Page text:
Tuesday, March 18, 2008

Notes on Keeping a Daily Practice

The biggest lesson I think I have learned (and relearned) through my writing practice is: It will come back. I am constantly repeating this mantra to myself the past few days, because I feel lucky whenever it comes back.

Natalie Goldberg has a line in Writing Down the Bones, which I used to share with my students back when I taught College Composition: "There is no security, no assurance that because we wrote something good two months ago, that we will ever do it again." I think writers live in this fear that the last good thing we wrote will be the last thing we will ever write. I know this is true for me. Every time I go through a dry patch, and this blog certainly shows that I go through lots of them, I feel like I'll never be able to write again. I'll never have that joy or inspiration in writing poetry again.

When this happens, I flog myself through what my friend Kate and I called in college Writer's Sludge. It's not a block, it's just a moment where everything I write is crap. If I'm writing at all. Towards the end of this winter, it hit me hard. (As I've been writing here ad nauseum.) The sad thing is, each time I go through it, even though I know it is temporary, it bums me out so much.

Luckily, I've been forcing myself through a daily practice. One quatrain (4 lines of ten syllables each) a day. They aren't miraculous, but they are writing. Forty little syllables are a great place to start, because frankly, they aren't initimidating. They're just words strung together, like beads. I write them on the bus on the way to work. Now, to be honest, I only write them on work days in which I take a bus, so I'm averaging four or five a week. But still, it is better than the nothing I had been writing earlier.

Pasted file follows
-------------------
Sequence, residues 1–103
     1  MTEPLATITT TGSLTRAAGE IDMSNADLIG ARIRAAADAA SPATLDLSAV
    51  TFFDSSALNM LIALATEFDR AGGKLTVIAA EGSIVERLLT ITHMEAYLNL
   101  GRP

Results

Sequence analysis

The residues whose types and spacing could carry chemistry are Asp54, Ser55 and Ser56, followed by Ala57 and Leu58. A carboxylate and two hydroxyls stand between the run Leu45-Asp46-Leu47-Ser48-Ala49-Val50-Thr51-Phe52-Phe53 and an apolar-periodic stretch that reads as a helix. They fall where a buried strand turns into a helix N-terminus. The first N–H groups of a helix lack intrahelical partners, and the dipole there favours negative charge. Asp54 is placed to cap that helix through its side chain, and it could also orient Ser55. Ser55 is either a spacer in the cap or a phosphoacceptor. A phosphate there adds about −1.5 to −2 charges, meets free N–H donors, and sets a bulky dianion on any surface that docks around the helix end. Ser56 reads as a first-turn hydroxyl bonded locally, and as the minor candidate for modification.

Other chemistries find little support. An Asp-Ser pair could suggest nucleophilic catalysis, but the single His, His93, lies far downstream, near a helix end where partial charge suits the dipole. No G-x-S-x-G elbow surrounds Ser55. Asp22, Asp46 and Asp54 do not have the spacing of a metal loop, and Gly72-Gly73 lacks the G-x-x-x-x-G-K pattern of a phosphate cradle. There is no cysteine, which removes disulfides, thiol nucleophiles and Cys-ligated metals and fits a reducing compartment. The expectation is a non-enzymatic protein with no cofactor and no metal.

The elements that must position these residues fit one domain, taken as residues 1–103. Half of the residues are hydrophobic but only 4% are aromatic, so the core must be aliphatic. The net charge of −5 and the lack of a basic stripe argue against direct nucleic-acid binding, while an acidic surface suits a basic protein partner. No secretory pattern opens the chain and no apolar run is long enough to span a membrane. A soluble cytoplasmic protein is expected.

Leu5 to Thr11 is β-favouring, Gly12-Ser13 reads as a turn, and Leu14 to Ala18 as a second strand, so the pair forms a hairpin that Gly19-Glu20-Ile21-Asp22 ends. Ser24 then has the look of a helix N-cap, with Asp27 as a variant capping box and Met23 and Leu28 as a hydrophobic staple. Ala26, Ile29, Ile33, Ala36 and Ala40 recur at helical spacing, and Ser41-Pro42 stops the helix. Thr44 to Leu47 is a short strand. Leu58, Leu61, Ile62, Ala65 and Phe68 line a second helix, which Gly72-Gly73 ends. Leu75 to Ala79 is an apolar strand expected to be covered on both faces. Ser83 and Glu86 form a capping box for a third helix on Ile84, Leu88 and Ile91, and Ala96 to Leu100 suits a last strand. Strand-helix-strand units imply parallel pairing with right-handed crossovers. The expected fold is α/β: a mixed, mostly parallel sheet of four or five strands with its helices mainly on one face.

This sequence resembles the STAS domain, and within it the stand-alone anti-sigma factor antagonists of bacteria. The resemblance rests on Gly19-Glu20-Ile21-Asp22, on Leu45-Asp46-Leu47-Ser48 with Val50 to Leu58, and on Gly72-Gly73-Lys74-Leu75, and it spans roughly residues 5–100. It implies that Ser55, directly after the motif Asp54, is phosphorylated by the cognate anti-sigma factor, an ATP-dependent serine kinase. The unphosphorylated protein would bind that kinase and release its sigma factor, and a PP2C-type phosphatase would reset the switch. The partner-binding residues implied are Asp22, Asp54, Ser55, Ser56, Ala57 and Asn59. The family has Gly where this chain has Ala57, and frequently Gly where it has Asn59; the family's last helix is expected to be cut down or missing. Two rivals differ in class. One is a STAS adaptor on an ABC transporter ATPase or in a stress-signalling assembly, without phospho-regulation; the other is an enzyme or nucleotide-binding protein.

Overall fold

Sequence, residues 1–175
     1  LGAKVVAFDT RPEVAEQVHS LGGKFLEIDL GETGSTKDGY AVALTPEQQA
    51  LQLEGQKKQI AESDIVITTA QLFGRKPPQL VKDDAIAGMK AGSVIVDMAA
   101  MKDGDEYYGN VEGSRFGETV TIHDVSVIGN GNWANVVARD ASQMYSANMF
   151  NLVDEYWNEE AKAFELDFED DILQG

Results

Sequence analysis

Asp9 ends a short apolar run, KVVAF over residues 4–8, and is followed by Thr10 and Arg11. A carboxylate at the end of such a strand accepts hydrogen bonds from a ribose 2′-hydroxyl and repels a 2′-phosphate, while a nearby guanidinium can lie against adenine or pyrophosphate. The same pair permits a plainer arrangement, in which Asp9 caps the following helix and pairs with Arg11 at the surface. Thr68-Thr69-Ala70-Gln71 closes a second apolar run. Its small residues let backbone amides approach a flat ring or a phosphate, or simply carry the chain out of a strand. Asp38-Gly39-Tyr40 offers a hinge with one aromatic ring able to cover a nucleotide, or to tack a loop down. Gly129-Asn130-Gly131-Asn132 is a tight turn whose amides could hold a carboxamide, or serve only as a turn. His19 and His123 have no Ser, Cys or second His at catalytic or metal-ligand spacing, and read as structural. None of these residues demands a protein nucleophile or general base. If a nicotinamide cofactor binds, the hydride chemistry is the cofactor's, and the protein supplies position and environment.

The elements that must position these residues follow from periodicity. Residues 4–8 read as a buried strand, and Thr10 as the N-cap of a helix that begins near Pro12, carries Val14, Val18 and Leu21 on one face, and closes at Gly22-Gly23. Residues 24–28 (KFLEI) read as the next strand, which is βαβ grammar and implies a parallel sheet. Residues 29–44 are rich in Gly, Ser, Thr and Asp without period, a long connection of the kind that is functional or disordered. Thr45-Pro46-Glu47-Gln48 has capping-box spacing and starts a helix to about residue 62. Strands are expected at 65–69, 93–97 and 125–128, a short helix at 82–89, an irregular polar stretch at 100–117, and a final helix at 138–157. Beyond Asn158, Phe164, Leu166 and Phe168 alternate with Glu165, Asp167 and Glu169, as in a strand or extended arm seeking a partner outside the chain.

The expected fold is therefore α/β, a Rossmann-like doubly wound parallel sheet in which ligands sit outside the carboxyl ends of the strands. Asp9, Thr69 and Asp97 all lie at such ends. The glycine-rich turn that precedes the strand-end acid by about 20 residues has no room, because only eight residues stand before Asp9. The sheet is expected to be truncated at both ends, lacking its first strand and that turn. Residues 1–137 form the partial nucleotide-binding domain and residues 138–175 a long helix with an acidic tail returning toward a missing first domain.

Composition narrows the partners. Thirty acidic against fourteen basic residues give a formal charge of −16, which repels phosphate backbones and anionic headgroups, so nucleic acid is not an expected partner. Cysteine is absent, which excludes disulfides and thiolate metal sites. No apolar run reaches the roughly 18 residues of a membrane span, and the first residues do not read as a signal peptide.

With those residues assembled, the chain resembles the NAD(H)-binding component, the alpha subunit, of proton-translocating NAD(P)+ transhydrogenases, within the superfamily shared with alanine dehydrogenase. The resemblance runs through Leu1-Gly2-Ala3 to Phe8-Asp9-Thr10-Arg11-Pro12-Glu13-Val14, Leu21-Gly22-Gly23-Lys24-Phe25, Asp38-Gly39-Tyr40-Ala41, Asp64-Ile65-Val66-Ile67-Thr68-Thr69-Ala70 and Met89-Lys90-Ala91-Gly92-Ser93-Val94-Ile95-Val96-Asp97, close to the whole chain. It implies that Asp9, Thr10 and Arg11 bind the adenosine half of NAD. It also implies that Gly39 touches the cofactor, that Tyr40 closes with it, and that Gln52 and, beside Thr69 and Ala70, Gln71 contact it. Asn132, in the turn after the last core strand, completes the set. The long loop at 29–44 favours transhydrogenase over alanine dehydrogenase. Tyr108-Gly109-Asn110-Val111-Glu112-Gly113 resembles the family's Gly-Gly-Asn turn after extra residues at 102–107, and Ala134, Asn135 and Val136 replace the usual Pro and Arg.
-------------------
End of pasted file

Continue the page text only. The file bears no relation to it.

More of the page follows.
I've never been a huge proponent of daily practice, because of the aforementioned Writer's Sludge, but dammit these little forty syllable pieces are working. To make matter even better, I stumbled on a project to do with these little quatrains. Putting these two ideas together, and I'm enjoying writing again. Hallelugiah! I'm thinking of my project when I'm not writing... and not with dread! With actual joy and inspiration.

So now that I'm enjoying writing again (this week) and producing something regularly again (this week), I'm toying with the idea of engaging in National Poetry Writing Month, after reading about it on Poet Mom. Am I a crazy masochist? Will I regret it? Will my writing continue to feel fresh? Probably yes and no to all of the above.

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